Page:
This week is the beginning of the annual Fall Wildfire Hazard Season, bringing burning restrictions to communities not already under a local burn ban. Most of Kentucky’s 120 counties are already under local burn bans because of the lack of significant rainfall for the past month.
The state’s 6 a.m. to 6 p.m. Burning Law (KRS149.400) prohibits burning before 6 p.m. if the fire is in, or within 150 feet of, woodland, brushland or fields containing dry grass or other flammable materials.
“These restrictions are in effect every Fall (October 1 – December 15) and Spring (February 15 – April 30) Wildfire Hazard Season to help prevent wildfires under normal conditions,” said James Wright, Director of the Kentucky Division of Forestry. “By adhering to the law and burning after 6 p.m., fires are less likely to escape. Over the last several weeks, some areas of the state have received some precipitation while others have received little if any.”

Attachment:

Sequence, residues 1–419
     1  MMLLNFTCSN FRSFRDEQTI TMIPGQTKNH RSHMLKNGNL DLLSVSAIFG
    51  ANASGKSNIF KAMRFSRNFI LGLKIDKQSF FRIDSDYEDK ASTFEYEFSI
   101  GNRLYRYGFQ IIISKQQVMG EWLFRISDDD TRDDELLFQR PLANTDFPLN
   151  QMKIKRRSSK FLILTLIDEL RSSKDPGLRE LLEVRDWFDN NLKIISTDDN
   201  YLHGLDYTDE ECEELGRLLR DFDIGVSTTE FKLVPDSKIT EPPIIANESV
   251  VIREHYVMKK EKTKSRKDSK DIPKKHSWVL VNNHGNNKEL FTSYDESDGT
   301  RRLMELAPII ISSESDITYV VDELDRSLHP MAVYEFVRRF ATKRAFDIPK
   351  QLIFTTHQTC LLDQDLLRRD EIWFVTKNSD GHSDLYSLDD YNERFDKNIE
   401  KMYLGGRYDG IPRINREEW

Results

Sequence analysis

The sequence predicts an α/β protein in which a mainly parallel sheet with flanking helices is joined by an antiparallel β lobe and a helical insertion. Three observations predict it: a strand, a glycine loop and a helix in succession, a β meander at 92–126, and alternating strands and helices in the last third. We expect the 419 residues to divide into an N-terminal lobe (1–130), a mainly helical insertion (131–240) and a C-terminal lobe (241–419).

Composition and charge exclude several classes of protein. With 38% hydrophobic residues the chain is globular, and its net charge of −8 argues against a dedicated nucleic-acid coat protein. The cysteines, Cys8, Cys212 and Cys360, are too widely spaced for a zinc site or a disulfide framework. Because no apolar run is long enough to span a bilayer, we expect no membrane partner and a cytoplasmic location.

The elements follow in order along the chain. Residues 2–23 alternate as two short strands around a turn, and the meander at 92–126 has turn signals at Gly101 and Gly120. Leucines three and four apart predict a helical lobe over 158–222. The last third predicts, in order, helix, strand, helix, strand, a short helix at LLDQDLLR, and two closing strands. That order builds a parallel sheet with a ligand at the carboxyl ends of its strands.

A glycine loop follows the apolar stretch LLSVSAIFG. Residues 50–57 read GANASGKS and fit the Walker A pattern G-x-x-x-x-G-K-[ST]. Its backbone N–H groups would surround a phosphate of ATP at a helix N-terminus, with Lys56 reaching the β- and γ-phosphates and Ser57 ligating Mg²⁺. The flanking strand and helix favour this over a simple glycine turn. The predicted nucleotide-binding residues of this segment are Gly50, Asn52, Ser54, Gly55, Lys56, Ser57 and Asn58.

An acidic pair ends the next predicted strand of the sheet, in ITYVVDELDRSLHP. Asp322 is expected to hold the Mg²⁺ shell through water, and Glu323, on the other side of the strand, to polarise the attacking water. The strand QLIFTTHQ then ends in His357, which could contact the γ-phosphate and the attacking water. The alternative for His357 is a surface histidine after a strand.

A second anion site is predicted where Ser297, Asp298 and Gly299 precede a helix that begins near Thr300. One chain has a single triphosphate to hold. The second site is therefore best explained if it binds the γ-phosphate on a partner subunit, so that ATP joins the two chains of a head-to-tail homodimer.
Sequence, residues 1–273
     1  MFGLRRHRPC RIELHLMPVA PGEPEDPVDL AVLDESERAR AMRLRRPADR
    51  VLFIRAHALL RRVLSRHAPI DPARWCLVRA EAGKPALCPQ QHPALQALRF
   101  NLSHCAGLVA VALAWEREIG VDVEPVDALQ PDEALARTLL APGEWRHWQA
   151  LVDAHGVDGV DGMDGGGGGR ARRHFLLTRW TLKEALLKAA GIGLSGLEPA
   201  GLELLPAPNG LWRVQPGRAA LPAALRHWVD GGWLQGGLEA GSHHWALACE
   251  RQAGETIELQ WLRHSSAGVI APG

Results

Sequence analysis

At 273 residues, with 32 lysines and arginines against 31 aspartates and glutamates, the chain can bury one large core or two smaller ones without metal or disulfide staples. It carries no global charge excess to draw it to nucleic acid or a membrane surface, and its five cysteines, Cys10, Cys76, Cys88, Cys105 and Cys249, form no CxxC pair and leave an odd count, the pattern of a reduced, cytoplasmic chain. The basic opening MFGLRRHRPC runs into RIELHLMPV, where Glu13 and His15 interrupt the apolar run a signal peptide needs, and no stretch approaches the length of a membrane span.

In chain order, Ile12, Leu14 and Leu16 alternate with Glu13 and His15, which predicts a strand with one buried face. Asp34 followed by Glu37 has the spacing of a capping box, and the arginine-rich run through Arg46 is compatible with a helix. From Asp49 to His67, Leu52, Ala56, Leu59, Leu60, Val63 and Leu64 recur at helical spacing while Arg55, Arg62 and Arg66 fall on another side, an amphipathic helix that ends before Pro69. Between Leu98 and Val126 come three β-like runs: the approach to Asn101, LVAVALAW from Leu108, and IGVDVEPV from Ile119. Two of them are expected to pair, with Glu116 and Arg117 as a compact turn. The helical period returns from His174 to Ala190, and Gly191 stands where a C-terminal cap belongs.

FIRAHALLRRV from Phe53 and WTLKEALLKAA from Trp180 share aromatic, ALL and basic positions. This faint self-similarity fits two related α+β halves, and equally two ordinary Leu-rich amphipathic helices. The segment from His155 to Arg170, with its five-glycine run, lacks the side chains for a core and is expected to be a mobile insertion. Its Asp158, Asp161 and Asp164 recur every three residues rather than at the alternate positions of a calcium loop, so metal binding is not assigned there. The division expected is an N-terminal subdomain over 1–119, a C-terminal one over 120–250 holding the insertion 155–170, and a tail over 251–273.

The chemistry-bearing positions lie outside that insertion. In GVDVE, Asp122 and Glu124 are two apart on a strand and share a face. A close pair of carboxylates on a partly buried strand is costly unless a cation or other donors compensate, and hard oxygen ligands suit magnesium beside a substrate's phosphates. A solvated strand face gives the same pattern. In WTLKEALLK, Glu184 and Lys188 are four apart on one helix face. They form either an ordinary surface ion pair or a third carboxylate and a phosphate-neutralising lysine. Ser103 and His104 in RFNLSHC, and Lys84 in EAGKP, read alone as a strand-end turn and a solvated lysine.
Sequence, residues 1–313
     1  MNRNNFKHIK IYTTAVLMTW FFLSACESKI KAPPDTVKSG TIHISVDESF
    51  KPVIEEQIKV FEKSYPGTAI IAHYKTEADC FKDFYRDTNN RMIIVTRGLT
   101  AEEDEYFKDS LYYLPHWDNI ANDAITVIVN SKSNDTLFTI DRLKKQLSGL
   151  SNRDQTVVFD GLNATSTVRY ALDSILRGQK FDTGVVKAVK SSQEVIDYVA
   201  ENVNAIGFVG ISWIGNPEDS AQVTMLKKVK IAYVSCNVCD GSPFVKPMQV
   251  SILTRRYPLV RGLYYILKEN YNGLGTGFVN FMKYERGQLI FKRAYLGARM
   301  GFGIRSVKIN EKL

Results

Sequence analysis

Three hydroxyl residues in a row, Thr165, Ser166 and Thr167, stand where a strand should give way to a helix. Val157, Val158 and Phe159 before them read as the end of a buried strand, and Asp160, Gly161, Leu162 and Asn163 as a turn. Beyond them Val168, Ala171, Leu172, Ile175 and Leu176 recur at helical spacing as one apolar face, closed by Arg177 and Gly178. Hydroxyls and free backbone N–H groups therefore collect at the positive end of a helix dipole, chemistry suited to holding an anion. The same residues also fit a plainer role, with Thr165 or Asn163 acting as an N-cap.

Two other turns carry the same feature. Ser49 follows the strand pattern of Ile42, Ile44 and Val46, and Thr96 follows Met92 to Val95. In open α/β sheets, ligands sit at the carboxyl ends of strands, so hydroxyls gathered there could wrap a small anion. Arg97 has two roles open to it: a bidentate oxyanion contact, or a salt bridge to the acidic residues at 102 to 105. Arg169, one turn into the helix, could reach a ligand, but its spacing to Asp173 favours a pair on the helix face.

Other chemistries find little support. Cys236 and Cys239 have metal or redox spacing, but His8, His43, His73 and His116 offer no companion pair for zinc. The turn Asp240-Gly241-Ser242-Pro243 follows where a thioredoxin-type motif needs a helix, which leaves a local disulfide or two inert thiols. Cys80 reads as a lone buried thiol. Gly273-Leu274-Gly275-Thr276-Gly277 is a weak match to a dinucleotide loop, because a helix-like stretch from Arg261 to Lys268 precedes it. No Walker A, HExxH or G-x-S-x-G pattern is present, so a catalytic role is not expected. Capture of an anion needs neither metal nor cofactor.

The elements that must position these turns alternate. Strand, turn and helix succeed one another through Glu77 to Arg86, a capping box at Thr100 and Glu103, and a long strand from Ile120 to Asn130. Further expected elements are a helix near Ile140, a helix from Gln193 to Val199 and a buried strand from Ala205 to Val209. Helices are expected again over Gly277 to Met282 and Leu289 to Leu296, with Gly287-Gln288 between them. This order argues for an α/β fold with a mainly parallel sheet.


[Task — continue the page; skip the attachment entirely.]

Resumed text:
The Burning Law Fall Wildfire Hazard Season restrictions are in effect through Dec. 15 whether or not a county has a burn ban or, if it does, if it lifts it.
Officials with the Kentucky Division of Forestry (KDF) remind everyone to be careful with outdoor fire any time of the year, but especially during the wildfire seasons when the risk of a fire escaping is greatest. If a fire does escape, immediately contact the nearest Division of Forestry field office or local fire department.
In September, KDF responded to more than 104 wildfire fires, when normally there are none this time of year. Some of the recent fires have been controlled by local fire departments and are not reflected in the division’s September statistic.
People are asked to call their local fire department or their County Judge-Executive’s office if they have questions regarding local burn bans. Residents should